A new age for age
For illustration of the crisis in this nation's Social Security system, one needed look no further than reality television this year, where white hair rivaled plunging necklines and alcohol poisoning as contestant must-haves.
Most noble were Bob, the winner of " Survivor: Gabon" (and, at 57, the youngest of this bunch), and Bill, 60, on "Greatest American Dog." Hailing from East Texas and sporting an ever-present camouflage baseball cap, Bill was notably gentle with his dog, Star, a purebred Brittany, and his awww-shucks demeanor made it seem possible to be a dog person and not be unstable, unlike his fellow contestants.
Less compelling as a father figure was Jerry, 75, from the 10th season of " Big Brother." A former Marine, he often thrilled at shouting down his younger competitors, though at times he'd let his brute facade drop to reveal something softer within. (The realities of participating in one of these shows are different for older contestants; both Jerry's and Bill's wives were home with serious illnesses as they competed.)
Doing a weekly disservice to the elderly was Cloris Leachman, 82, who on "Dancing With the Stars" threatened the very idea of partner dance with her manic, often stupefyingly poor performances. Yet and still, with people like Warren Sapp treating the competition like the Super Bowl, Leachman's grotesque outfits and emotionally violent antics were as close as prime time came this year to absurdist theater.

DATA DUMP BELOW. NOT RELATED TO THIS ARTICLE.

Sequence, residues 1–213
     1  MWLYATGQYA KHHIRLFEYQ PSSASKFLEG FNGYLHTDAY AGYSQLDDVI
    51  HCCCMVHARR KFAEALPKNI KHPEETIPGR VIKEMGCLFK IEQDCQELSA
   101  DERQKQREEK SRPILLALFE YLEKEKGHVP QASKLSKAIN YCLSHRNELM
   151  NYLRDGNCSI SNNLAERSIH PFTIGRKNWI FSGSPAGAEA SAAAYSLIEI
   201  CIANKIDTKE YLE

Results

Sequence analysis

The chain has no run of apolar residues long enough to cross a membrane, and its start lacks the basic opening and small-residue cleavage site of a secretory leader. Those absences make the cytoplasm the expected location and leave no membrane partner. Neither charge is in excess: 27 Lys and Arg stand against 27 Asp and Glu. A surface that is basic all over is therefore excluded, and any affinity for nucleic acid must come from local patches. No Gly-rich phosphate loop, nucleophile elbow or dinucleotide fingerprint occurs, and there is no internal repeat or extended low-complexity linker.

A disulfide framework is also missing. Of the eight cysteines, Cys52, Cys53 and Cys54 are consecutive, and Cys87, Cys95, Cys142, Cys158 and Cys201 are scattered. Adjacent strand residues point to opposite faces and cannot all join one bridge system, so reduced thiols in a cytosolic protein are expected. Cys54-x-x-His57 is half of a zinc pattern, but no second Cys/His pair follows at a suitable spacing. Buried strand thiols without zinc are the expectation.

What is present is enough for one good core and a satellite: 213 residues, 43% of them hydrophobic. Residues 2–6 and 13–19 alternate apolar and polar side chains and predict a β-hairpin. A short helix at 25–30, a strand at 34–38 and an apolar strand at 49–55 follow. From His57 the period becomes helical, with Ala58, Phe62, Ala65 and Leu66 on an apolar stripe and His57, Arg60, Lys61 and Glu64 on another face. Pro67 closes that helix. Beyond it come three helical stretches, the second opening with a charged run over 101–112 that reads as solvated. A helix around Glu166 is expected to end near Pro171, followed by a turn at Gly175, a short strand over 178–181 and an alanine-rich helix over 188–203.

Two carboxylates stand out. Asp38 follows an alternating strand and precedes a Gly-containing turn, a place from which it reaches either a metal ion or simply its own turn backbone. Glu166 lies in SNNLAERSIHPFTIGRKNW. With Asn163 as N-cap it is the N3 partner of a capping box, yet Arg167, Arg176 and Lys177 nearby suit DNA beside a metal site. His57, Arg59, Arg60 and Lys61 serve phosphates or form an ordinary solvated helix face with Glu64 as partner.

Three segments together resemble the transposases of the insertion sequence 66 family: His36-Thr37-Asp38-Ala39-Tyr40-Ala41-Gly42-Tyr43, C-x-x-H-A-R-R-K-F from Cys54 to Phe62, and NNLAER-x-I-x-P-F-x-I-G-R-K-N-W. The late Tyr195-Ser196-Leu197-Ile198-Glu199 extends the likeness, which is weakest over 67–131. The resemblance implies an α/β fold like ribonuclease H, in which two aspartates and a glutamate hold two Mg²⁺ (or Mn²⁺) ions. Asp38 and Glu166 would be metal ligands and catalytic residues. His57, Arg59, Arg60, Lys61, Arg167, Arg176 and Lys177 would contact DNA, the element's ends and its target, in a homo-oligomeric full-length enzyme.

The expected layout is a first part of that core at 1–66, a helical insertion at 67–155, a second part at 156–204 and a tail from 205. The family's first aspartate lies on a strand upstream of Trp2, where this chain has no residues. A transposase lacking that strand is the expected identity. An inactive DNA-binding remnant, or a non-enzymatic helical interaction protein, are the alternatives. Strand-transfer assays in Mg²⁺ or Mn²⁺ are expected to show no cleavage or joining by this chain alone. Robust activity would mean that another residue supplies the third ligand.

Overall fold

Unexpected reality finale nail-biter: The last episode of the uncomfortably titled "Legally Blonde The Musical: The Search for Elle Woods" made Broadway theater seem like it belonged in the ABC Sunday-afternoon sports lineup. It was well contested between the two finalists, Bailey and Autumn, beautifully shot and, for once, actually tense.
Unexpected sex symbol: The worst hair on television -- thin, greasy, molded -- belonged to Donal Logue's Capt. Kevin Tidwell on " Life," but the actor seemed to take that as a challenge, quick-talking his way into the affections of fellow cop, and bombshell, Dani Reese (Sarah Shahi). When she donned boy shorts, a tight T-shirt and high boots, straddled him in bed, and took a pair of scissors to his dome, it was erotic, sure, but also a little disappointing.
Unexpected goober: As if "The Wire" weren't already dead, Tristan Wilds put the final nail in its casket with his portrayal of Dixon Wilson on " 90210," the most edgeless character on a show full of them and a missed opportunity to give this show complexity more substantial than Brenda versus Kelly 2.0.
Unexpected example of the continuing relevance of Britney Spears: "Gossip Girl" has become little more than a showcase for Ed Westwick's wicked, lovable Chuck Bass, and what a relief that is. In a widely disseminated promo this fall, Britney's "Womanizer" played as a greatest-Chuck-sound-bites montage whizzed by: "Twins find me." "If you wanted to play rough, all you had to do was ask." "I'd love to give you a ride."